Then there’s my own proposal for a Brooklyn Bridge Museum and Visitor Center. It would be built near the narrow stairway that currently directs tourists who walk over the bridge from Manhattan into a dank underpass. There they are greeted by broken signage, pigeon droppings, and a hotdog cart. They look disoriented and dismayed; many turn around and walk right back to Manhattan without experiencing anything that Brooklyn has to offer (including, of course, the Botanic Garden). It’s a great loss for the city’s most populous borough. A museum and visitor center would give people a reason to stick around, and maybe even something to write home about.
There’s also plenty of new housing that doesn’t hurt existing institutions. Comunilife is building 150 units of supportive housing at Third Avenue and 166 Street in the South Bronx. The building, by Alexander Gorlin Architects, is programmatically inventive—with culturally sensitive social services on the ground floor (including “Life is Precious,” an anti-suicide program for young Latinas). It is also visually rich, with colored metal panels enlivening its concrete facade and a sidewalk that quotes the joyful patterns of the pavement of Rio de Janeiro’s Copacabana Beach. Meanwhile, in Lower Manhattan, construction is continuing at Essex Crossing, the project that is turning what had been a series of unsightly parking lots on the south side of Delancey Street into a vital new neighborhood, with the spaces between the buildings as carefully considered as the buildings themselves.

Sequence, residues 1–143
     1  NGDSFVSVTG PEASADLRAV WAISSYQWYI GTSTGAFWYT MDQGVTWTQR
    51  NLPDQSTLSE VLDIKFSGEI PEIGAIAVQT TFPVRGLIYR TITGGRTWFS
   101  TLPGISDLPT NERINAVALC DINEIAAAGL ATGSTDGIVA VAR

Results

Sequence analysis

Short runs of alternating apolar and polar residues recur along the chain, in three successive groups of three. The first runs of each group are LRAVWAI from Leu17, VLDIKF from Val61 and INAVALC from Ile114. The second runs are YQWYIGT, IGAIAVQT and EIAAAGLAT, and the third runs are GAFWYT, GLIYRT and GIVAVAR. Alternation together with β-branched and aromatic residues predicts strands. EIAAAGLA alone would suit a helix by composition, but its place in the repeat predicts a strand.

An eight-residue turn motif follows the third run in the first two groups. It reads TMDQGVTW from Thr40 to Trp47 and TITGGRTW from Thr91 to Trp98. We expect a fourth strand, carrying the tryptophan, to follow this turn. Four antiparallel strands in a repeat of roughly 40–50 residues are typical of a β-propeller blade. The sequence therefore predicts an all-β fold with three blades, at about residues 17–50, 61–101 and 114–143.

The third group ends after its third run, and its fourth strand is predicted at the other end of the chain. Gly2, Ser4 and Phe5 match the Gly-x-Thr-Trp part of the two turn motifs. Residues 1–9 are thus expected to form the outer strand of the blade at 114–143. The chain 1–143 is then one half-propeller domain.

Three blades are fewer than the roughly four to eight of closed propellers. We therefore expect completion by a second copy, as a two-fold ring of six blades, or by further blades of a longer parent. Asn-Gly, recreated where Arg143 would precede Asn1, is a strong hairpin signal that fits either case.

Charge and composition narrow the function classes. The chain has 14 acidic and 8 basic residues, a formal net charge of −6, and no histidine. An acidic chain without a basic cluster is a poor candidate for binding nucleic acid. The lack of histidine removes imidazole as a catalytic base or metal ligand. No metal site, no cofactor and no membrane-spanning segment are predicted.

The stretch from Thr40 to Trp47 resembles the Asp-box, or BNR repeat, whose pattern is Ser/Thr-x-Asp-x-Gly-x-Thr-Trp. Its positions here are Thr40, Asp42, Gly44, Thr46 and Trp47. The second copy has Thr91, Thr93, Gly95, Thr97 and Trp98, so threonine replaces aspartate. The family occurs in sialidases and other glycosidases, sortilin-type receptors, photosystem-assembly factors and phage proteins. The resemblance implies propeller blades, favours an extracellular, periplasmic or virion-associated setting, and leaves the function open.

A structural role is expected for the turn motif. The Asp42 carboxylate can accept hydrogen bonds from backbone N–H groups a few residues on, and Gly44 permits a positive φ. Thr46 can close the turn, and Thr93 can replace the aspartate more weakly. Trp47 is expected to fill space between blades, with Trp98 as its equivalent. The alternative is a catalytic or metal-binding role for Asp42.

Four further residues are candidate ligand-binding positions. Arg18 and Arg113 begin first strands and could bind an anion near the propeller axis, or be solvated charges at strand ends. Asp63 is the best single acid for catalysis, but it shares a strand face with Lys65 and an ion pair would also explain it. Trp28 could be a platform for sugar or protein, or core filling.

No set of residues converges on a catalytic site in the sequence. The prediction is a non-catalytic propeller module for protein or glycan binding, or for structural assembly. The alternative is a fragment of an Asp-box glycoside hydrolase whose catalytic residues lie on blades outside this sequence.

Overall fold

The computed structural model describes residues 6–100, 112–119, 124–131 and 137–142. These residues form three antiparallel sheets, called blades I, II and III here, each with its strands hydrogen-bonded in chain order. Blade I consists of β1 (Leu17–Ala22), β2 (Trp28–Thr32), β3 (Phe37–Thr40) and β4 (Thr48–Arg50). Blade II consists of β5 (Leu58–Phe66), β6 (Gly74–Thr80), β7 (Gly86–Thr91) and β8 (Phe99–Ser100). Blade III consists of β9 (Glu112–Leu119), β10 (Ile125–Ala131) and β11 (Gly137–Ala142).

Construction is New York City’s lifeblood. The right projects—not just buildings but also parks and public spaces—inspire us and help us imagine a better future. But for projects that throw shade on the city (literally or not), this isn’t the right time to build. Because if the demand doesn’t materialize, we’ll still be living with the damage.
Fred Bernstein studied architecture at Princeton and law at NYU and writes about both subjects.